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Clifford Chance

Clifford Chance

Regulatory Investigations and Financial Crime Insights

Are you ready for the new Belgian whistleblower protection rules?

The long-awaited Belgian law transposing the EU Whistleblower Protection Directive enters into force on 15 February 2023 and expands the scope of whistleblower protection compared to the EU framework.

New comprehensive framework completing the existing piecemeal rules

Already in 2019, the EU decided that its member states should provide minimum protection to individuals who report breaches of certain regulations. In response, Belgium had to introduce new legislation, as the existing piecemeal whistleblowing regimes that were already in place for staff members of the federal and Flemish public administrations as well as in the context of money laundering and infringements of the financial legislation did not satisfy the comprehensive framework stipulated by the EU Whistleblower Protection Directive (the "Directive").

After missing the transposition deadline of 17 December 2021, the Belgian legislator adopted the law of 28 November 2022 on the protection of individuals who report breaches of EU or national law detected within a legal entity of the private sector (the "Whistleblower Protection Law"). This law was published in the Belgian Official Gazette on 15 December 2022 and it will enter into effect two months later, on 15 February 2023.

Broader scope of application than imposed by the EU

In terms of scope, the Belgian legislator has not limited itself to the minimum standards imposed by the EU. While the Directive covers individuals reporting breaches of regulations in ten areas identified as essential (e.g., privacy and personal data, product safety and public health), Belgium extended the scope with two additional areas, tax fraud and social fraud. Unlike what is provided in the Directive, the Whistleblower Protection Law also covers all possible violations of (National and European) legal rules relating to the twelve areas without listing the specific applicable regulations to which breaches can relate. Belgium also opted to oblige legal entities in the private sector with at least 250 employees to accept anonymous reports.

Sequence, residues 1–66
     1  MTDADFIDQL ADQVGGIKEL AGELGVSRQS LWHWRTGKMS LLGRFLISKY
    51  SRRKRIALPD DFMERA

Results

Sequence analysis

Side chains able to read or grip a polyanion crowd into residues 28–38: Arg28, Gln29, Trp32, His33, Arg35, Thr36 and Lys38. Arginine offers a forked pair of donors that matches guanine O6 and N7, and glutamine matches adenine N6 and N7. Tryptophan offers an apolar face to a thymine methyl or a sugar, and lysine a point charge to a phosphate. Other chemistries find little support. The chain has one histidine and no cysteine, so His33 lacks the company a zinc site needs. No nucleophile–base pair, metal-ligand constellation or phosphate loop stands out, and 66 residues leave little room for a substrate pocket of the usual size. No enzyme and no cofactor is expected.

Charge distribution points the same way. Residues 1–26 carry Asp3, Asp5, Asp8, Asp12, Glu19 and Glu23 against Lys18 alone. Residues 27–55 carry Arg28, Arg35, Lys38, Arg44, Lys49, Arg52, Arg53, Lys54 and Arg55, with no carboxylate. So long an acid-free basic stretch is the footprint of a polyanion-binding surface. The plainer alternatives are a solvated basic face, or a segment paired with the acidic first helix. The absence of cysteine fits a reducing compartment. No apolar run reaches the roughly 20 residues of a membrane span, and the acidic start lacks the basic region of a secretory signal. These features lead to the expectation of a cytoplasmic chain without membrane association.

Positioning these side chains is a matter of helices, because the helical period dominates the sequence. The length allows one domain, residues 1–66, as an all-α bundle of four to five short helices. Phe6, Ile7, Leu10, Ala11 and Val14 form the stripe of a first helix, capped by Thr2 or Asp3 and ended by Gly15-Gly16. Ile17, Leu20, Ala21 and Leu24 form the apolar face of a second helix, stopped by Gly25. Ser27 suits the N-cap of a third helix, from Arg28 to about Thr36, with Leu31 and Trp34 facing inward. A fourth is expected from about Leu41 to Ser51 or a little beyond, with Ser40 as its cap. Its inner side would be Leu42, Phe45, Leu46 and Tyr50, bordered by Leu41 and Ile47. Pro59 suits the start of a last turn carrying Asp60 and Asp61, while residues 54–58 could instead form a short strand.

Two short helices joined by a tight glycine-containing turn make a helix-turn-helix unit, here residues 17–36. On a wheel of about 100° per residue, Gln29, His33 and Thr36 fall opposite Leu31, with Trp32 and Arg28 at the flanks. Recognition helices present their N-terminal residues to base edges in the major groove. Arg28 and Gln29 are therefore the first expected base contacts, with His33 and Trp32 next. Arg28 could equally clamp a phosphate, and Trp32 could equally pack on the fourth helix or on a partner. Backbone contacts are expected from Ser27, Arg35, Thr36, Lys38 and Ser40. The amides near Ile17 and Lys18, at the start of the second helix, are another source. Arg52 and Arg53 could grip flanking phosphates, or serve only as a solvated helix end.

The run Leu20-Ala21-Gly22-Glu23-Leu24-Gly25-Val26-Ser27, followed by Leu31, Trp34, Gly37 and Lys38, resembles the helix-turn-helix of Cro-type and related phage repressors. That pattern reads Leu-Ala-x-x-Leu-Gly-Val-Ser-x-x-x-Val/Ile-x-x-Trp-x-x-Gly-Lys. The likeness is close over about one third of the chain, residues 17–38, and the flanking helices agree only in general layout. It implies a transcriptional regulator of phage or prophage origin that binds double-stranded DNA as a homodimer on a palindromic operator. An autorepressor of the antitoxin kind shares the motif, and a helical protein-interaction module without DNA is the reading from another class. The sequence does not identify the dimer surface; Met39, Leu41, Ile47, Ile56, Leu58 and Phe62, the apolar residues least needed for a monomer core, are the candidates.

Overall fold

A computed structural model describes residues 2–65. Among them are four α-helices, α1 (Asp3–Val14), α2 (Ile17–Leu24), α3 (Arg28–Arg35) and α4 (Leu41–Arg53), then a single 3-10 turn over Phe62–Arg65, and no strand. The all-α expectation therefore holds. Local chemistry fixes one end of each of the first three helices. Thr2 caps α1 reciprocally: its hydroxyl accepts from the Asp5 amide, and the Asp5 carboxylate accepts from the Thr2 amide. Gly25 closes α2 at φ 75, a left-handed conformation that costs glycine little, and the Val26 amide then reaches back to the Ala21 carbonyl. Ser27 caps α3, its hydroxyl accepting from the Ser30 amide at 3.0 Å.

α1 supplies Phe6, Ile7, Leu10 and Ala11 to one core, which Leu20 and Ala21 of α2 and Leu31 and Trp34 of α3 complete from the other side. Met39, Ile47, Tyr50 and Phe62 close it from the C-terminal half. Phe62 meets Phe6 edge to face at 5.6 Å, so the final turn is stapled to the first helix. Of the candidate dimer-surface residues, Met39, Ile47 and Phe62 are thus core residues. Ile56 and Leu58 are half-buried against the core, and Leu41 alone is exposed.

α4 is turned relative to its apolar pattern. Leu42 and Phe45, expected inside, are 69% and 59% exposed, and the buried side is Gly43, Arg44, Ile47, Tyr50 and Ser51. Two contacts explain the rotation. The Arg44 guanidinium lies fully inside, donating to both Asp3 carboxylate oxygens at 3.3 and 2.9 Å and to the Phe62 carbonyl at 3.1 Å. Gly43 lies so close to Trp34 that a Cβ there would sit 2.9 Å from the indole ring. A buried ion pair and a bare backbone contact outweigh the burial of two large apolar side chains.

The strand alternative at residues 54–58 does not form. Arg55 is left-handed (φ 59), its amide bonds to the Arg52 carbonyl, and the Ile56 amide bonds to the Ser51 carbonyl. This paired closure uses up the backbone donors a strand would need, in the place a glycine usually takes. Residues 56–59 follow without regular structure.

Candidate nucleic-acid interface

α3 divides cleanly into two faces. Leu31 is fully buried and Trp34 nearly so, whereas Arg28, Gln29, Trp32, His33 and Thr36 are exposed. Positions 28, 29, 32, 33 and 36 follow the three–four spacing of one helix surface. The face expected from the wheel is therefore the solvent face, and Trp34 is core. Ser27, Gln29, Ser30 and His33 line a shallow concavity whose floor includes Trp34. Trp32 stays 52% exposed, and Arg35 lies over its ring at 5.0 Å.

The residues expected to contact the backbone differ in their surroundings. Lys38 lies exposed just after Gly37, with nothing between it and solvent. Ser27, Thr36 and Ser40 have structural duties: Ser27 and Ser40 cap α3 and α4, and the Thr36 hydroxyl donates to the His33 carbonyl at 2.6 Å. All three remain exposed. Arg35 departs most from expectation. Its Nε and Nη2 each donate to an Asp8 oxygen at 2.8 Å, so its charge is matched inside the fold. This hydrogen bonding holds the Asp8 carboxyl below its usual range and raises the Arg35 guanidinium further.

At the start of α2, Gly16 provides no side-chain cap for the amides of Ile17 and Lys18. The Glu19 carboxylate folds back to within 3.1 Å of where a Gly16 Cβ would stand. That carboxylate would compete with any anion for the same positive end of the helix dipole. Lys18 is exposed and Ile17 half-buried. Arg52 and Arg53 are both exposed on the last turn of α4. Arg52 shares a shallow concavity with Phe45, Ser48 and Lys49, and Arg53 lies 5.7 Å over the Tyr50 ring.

Key obligations

As from 15 February 2023, legal entities in the private sector with at least 50 employees will be obliged to (i) set up, or arrange for the outsourcing to external providers of, an internal reporting channel and follow-up procedure, (ii) provide clear and accessible information to their employees regarding the internal and external reporting channels and (iii) ensure confidentiality and appropriate protection for whistleblowers. Contrary to legal entities with 250 employees or more, legal entities employing between 50 and 249 employees that are not active in the financial sector or the prevention of money laundering (i) enjoy a grace period until 17 December 2023 to comply with the new obligations, (ii) are not obliged to handle anonymous reports and (iii) may share resources for receiving reports and carrying out investigations (e.g. by setting up a common reporting tool).

Implications for private companies

Each legal entity in the private sector (broadly defined as "an organisation, incorporated or not, carrying out one or more activities") with at least 50 employees needs to comply with the new obligations. When such Belgian legal entity belongs to an international group of companies, it will not be sufficient to set up one central reporting procedure at group level due to the Belgian and other jurisdictions' particularities compared to the minimum protection laid down at EU level. Any global whistleblowing policy must always comply with the variety of stricter local rules in each country.

The internal reporting channel must in any case be implemented by each legal entity after consultation with the existing employee representative bodies. Although the Whistleblower Protection Law does not stipulate the medium through which implementation must take place, adopting a simple policy (instead of introducing the new procedure as part of the work rules or in a collective bargaining agreement) is the most flexible route.

Our dedicated team would be happy to assist your organisation in complying with the new legislation.

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